Drying the leaves ofincreases their content of anticancer nutraceuticals.
Food Sci Nutr. 2019 Apr ;7(4):1494-1501. Epub 2019 Mar 18. PMID: 31024723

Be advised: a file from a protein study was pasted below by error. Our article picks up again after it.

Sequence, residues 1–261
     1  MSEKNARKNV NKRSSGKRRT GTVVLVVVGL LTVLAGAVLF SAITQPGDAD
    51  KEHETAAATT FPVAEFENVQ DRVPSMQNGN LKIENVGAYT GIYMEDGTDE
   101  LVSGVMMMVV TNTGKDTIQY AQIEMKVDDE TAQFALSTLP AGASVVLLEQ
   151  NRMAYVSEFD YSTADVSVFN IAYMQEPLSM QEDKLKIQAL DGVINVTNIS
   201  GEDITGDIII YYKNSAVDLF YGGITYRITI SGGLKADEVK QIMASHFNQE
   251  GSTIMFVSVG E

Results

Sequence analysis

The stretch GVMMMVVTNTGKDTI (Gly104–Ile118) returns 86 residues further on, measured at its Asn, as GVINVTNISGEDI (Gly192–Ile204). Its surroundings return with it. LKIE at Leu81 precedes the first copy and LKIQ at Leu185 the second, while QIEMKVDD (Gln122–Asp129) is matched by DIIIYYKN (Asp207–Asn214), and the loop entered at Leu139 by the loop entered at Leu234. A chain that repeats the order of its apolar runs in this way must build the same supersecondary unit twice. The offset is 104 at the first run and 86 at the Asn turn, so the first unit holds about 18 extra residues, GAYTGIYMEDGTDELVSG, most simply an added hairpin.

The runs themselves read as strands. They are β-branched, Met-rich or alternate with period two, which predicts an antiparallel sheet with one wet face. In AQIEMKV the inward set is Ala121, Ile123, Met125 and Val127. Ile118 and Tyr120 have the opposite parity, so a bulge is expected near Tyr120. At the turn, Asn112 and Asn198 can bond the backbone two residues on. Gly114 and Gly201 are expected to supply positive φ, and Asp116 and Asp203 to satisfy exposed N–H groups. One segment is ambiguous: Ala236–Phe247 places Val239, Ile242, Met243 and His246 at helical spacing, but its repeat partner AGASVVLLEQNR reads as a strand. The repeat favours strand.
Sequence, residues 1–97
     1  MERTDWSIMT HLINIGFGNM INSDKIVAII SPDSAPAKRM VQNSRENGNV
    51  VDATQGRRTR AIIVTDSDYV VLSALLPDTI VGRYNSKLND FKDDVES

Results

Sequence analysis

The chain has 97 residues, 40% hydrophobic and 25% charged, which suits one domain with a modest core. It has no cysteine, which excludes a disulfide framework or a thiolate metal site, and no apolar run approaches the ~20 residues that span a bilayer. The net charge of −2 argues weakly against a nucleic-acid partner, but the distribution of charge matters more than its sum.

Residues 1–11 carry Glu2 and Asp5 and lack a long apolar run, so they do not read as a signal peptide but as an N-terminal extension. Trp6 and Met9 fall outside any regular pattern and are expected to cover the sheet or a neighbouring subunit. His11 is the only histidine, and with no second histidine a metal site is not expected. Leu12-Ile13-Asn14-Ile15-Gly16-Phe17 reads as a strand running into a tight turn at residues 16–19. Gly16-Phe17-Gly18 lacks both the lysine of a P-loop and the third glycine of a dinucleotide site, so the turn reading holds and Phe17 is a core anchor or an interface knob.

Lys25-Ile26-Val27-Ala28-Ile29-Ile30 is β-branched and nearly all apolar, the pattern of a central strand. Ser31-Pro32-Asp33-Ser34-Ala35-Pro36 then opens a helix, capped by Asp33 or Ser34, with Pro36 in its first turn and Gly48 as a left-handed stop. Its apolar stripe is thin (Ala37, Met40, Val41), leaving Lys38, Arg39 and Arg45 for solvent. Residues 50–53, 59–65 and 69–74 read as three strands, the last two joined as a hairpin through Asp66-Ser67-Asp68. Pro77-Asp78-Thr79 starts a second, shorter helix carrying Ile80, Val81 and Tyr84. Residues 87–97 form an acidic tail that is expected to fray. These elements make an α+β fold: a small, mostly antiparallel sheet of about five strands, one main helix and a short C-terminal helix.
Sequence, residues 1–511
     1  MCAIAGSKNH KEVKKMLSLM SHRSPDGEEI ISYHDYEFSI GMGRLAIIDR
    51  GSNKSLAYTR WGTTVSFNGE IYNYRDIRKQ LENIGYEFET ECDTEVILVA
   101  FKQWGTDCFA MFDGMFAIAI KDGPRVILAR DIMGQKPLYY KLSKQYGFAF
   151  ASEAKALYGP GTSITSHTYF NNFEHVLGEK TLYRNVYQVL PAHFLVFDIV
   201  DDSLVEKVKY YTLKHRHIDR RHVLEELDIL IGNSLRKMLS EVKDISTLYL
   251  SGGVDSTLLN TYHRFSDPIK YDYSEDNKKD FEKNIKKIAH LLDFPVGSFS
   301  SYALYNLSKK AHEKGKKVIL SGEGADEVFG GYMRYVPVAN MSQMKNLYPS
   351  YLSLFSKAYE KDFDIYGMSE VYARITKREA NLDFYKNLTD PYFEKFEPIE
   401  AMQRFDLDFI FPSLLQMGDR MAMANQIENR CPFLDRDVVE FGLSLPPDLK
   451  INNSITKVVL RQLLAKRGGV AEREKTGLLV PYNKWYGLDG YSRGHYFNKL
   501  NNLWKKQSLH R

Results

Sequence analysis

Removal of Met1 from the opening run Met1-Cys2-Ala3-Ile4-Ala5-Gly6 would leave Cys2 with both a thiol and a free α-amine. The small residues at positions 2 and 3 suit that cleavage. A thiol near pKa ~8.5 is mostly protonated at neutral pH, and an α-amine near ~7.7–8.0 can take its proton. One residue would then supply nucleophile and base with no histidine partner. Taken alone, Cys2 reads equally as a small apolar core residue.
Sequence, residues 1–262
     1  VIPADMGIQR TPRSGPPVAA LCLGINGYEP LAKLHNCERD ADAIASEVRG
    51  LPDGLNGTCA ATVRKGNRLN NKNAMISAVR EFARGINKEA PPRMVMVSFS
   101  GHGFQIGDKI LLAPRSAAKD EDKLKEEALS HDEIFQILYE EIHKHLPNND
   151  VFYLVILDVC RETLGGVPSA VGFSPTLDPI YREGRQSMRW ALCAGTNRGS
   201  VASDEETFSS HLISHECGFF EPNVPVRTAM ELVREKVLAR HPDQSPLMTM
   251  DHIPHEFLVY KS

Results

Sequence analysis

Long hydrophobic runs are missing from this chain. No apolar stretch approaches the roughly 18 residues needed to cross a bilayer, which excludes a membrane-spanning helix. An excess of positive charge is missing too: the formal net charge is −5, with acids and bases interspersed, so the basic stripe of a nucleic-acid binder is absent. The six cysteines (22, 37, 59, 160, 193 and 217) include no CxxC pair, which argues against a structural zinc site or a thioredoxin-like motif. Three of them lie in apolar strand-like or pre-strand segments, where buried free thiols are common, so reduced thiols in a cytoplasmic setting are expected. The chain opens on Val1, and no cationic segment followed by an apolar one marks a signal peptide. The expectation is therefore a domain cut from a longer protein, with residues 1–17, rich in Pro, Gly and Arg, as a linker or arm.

A regular intake of plant-derived bioactive agents has gained popularity because of the health benefits. Fresh leafy greens, however, normally have a low concentration of such bioactive agents. In this study, we found that drying markedly affected the accumulation of secondary metabolites and that dried leaves ofL. (perilla) contained more anticancer flavonoids than fresh leaves. Drying is a major method of food preparation, particularly for plant-based foods, but the quality of the bioactive agents contained in the fresh and dried leaves of perilla has received only scant attention. Quantitative analysis of the concentrations of perillaldehyde, rosmarinic acid, apigenin, luteolin, 4-hydroxyphenyllactic acid, and 4-coumaric acid, some of which are known as nutraceuticals, revealed that the effect of drying significantly increased apigenin (28-fold) and luteolin (86-fold), but decreased rosmarinic acid in all leaf stages. We examined the positive effect on flavonoid levels on perilla leaves and confirmed that, by comparison with fresh perilla leaves, the dried leaves contained greater concentrations of anticancer flavonoids regardless of variety, form, or manner of cultivation. This indicates that drying can significantly increase the level of flavonoids in perilla leaves without a loss of flavor. Therefore, drying is a simple and effective method to improve the concentrations of bioactive agents, which increases the intake of beneficial substances derived from herbs and edible plants. This finding serves as a method for the supply of raw plant materials rich in bioactive agents that are suitable for labeling as edible nutraceuticals.